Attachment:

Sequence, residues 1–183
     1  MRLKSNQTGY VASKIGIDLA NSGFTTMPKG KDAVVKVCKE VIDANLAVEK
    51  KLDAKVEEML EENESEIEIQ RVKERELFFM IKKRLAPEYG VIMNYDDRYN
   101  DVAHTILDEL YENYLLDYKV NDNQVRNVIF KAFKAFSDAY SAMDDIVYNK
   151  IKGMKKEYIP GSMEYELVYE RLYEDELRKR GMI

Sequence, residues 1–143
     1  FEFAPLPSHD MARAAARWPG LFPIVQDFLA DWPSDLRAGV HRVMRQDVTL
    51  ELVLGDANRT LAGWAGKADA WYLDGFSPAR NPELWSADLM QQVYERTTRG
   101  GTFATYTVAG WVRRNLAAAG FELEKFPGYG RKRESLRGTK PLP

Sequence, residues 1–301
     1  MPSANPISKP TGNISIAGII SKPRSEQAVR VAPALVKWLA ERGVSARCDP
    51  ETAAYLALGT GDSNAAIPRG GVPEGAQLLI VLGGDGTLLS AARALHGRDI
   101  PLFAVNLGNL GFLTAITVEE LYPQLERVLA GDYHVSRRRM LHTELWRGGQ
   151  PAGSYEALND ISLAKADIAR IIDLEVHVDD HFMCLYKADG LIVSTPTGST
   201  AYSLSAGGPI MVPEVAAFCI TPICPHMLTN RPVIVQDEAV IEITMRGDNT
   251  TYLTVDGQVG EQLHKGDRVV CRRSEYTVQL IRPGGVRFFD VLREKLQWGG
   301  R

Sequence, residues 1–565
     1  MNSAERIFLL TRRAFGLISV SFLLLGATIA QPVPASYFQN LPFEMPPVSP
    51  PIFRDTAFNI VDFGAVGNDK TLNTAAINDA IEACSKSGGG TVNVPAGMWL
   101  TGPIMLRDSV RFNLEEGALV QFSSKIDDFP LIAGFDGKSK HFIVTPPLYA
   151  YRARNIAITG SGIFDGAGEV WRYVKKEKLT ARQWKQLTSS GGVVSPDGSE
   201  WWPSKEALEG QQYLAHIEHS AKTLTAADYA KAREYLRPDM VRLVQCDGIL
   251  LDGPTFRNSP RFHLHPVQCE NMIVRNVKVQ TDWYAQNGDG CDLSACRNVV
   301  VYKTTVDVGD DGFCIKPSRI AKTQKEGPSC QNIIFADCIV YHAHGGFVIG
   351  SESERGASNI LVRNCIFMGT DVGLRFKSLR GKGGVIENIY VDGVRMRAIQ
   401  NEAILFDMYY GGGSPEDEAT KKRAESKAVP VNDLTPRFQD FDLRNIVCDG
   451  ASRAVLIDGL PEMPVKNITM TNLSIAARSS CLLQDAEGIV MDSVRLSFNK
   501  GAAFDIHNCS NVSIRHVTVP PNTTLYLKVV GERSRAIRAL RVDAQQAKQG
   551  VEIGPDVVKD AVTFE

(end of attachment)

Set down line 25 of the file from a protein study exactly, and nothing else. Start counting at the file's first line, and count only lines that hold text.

   301  VYKTTVDVGD DGFCIKPSRI AKTQKEGPSC QNIIFADCIV YHAHGGFVIG